During the late 1940s, the largest kiln in the Flemington Outlet was fitted with a display case and posters illustrating Stangl's manufacturing processes and opened to Outlet shoppers.This display quickly became a popular focal point for many Flemington Outlet visitors for many years.The next featured display was a large collection of Stangl Pottery birds, courtesy of Frank and Liz Kramar, followed by a display focusing on the sample designs of Stangl's top designer Kay Hackett.
From its founding, the company produced industrial earthenware pieces like jars and storage vessels made from the rich red clay of New Jersey.
In 1864, Abram Fulper bought the company and refocused the production on the production of more sophisticated and durable stoneware.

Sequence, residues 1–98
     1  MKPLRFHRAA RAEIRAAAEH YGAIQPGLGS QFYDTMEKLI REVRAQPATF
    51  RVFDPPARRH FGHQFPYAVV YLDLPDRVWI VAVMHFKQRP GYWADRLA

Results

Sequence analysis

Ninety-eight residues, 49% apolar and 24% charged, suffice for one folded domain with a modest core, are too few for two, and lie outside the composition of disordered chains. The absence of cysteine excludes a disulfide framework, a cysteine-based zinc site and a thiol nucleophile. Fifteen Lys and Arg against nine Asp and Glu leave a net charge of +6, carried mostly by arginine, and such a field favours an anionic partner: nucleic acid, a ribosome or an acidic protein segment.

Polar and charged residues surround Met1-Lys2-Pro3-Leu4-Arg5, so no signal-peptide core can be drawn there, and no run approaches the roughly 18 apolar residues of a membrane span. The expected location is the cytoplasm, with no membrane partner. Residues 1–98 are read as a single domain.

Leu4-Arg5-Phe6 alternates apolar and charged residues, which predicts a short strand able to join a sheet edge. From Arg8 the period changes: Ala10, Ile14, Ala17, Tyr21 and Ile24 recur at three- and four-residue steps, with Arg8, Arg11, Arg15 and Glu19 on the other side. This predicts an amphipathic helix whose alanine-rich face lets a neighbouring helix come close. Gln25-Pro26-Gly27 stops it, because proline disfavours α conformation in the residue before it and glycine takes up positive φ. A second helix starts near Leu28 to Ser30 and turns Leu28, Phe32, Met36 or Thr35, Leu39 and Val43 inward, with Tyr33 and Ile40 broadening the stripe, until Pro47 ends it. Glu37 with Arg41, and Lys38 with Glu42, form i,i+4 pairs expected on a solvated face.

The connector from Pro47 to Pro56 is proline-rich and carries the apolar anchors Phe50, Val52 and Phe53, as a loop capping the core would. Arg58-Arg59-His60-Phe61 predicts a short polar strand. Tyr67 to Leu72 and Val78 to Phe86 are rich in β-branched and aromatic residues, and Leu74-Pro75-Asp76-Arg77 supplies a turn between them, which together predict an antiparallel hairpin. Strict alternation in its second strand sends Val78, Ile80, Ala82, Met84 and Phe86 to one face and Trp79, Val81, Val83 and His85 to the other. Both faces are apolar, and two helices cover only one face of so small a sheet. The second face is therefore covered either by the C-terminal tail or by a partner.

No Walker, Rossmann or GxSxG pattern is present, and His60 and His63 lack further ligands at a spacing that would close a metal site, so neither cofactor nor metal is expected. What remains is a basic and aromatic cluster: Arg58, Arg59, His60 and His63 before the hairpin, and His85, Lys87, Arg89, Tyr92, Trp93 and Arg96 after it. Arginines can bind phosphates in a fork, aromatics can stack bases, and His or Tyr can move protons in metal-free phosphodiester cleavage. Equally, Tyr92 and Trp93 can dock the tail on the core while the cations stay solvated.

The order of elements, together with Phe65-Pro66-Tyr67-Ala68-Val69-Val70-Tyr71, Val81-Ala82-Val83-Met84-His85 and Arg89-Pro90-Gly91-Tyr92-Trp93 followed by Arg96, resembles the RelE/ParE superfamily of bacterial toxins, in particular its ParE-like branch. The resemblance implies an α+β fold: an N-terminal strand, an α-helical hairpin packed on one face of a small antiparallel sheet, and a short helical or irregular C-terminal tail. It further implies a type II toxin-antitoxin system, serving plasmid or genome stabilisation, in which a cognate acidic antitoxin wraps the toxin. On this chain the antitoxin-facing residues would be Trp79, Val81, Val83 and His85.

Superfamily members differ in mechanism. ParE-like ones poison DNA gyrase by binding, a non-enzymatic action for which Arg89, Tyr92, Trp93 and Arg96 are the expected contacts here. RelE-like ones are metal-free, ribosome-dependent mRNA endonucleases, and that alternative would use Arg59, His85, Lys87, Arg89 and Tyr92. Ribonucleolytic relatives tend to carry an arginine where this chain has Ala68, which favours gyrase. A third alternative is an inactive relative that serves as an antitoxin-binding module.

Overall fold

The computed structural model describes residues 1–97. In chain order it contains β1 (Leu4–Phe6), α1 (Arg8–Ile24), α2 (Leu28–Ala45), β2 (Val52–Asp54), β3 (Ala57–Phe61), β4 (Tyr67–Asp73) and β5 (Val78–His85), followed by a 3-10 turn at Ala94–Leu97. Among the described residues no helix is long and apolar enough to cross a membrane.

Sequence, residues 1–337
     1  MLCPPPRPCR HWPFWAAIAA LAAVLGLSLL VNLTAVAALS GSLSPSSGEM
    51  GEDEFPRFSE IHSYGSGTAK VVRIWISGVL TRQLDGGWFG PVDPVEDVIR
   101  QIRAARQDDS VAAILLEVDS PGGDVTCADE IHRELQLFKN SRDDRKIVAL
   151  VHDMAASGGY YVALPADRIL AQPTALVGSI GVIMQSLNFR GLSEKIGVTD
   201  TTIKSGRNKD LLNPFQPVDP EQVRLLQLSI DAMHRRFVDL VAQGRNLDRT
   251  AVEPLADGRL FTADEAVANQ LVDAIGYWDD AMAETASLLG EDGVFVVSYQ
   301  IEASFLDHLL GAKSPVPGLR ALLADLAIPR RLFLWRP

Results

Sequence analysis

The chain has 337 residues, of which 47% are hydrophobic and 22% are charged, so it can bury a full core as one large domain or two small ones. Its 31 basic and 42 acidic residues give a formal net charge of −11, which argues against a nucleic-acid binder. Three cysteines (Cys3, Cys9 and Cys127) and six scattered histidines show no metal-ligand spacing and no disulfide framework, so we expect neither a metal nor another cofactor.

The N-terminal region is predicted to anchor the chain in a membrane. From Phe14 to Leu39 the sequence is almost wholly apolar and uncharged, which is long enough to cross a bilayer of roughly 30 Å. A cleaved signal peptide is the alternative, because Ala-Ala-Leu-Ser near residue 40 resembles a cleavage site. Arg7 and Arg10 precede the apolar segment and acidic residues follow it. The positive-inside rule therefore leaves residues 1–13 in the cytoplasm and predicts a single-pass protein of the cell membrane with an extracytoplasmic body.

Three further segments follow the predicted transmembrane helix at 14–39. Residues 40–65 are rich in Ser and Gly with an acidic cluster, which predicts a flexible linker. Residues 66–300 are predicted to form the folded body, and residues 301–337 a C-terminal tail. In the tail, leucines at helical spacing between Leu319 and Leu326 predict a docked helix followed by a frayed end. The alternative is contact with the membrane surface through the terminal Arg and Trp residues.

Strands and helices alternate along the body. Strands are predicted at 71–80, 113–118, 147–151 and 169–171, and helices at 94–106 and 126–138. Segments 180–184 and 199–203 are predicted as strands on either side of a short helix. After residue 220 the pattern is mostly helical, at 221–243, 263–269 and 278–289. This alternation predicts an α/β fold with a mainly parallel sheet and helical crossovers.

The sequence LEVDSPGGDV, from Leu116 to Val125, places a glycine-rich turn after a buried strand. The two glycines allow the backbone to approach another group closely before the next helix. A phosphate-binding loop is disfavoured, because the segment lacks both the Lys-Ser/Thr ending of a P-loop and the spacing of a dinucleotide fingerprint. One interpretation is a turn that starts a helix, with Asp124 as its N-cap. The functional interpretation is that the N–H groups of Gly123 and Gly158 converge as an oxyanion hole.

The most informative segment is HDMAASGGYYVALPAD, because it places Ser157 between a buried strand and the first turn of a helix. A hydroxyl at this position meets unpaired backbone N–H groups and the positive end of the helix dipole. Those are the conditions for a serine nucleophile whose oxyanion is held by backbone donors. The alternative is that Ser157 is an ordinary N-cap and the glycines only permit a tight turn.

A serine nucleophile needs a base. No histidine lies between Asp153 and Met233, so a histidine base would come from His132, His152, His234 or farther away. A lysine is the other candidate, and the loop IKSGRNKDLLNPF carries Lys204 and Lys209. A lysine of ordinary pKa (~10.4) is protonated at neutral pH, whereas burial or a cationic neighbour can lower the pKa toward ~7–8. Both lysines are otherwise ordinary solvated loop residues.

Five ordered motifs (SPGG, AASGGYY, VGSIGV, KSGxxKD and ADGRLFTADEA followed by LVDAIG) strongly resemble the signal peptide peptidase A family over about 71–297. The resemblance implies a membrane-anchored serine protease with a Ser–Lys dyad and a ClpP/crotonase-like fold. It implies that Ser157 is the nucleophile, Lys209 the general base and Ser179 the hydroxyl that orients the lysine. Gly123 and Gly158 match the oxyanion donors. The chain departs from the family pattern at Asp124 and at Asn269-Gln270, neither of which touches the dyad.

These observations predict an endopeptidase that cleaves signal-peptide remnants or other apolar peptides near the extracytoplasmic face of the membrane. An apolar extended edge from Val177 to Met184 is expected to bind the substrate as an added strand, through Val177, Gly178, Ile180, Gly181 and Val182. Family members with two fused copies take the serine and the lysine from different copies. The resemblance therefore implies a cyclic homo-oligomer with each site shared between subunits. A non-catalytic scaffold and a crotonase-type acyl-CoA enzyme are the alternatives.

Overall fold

Using approximately 100 different glazes over the years, there are many examples that are representative of the beauty of even the most common forms.
The Collectics Antiques Information & Education pages are designed to further knowledge of antiques, collectibles, collecting styles, periods, artists, designers, and manufacturers of fine and decorative arts.
With the closing of Stangl Pottery in 1978, and use of the building by Pfaltzgraff Pottery as a retail outlet, the old Kiln display was closed as well. We were able to contract with Pfaltzgraff to reopen this historic kiln as the home of the Hill-Fulper-Stangl Museum. The display does not remain static, new items are being acquired and installed all the time.